COUNCILLORS in Wales will get a 4.7% pay rise under plans being put forward by an independent body.
It would mean councillors receiving a £17,600 salary from April 1 – up £800 from currently.
Local authorities are being consulted on the draft proposals by the Independent Remuneration Panel for Wales (IRPW), which sets elected members’ salaries.
The IRPW has also recommended that council leaders’ salaries increase from £63,000 to £66,000, with similar rises for cabinet members and opposition group leaders. The deputy council leader would be paid £46,200, up from the current £44,100.
Swansea Council’s democratic services committee is due to discuss the proposals at a meeting on November 7. Implementing the increases for all 75 councillors would cost the council £71,570.
A report before the committee said independent members of health boards in Wales earned £15,936, based on a minimum commitment of four days per month.
“The IRPW have based a councillor’s salary on three days per week,” it said.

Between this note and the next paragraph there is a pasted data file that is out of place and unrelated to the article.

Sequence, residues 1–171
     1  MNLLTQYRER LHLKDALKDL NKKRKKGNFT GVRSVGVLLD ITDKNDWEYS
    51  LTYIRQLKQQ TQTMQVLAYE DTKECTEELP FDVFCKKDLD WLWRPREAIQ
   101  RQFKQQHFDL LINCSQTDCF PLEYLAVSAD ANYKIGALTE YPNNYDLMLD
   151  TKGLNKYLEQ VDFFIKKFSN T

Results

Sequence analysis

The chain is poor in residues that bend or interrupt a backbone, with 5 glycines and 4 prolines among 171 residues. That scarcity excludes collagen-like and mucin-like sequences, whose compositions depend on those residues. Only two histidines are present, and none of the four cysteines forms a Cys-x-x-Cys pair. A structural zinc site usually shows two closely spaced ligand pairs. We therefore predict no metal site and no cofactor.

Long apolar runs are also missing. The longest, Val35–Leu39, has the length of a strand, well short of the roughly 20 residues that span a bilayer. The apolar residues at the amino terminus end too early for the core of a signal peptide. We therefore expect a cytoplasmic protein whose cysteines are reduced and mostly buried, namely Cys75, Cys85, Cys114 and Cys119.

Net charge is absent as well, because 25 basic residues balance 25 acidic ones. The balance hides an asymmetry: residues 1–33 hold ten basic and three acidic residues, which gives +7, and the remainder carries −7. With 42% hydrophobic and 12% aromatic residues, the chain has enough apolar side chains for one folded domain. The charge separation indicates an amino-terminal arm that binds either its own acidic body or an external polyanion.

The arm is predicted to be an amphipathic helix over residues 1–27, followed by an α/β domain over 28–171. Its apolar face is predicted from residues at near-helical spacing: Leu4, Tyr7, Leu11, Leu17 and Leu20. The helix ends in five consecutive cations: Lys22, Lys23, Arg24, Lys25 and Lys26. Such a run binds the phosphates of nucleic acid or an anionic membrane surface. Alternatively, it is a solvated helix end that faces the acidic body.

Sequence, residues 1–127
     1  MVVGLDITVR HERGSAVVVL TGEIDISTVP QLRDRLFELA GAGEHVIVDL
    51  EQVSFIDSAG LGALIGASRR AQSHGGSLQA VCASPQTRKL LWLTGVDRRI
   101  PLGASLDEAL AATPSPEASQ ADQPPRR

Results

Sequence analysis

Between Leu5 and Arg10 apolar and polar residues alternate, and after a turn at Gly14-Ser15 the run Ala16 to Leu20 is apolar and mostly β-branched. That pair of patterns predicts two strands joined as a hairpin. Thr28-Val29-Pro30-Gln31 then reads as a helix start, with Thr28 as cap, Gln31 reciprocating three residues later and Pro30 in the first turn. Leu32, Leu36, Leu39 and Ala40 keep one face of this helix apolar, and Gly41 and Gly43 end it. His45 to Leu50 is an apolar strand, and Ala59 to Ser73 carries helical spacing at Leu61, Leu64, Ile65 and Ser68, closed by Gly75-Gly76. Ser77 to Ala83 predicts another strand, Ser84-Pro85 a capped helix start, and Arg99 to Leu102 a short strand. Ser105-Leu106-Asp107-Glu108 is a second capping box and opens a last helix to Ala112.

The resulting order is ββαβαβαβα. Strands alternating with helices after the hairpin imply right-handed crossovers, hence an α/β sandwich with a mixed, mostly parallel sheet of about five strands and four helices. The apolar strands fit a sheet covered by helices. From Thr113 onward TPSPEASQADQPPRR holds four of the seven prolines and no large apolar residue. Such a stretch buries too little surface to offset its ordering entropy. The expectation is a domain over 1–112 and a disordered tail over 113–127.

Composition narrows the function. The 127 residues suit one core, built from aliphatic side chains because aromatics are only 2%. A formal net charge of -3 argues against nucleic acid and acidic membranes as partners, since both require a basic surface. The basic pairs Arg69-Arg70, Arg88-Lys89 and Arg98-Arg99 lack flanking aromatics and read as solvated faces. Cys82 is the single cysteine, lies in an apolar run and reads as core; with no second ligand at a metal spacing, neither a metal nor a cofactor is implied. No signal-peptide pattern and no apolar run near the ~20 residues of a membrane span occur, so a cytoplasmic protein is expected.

Councillors’ pay is already 16.9% per cent higher than it was last year. The IRPW said the hike implemented last May was timely as councillors’ pay had been eroded for years, but it caused some mixed feelings for the democratic services committee when members discussed it in November 2021.
Speaking at the time, Cllr Mike Durke said the 16.9% rise did not sit comfortably, but that the role had become extremely busy and more professional. Councillors, he said, were effectively “on duty constantly” in the electronic age.
Cllr Nick Davies, who stood down at the local government elections in May, said better rates of pay would encourage more diverse candidates to stand for election. The last thing councillors wanted, he said, was for the role to be “a retirement hobby for middle-class people who are comfortable”.
Following the consultation, the IRPW will publish a final report on councillors’ pay for 2022-23 in February next year.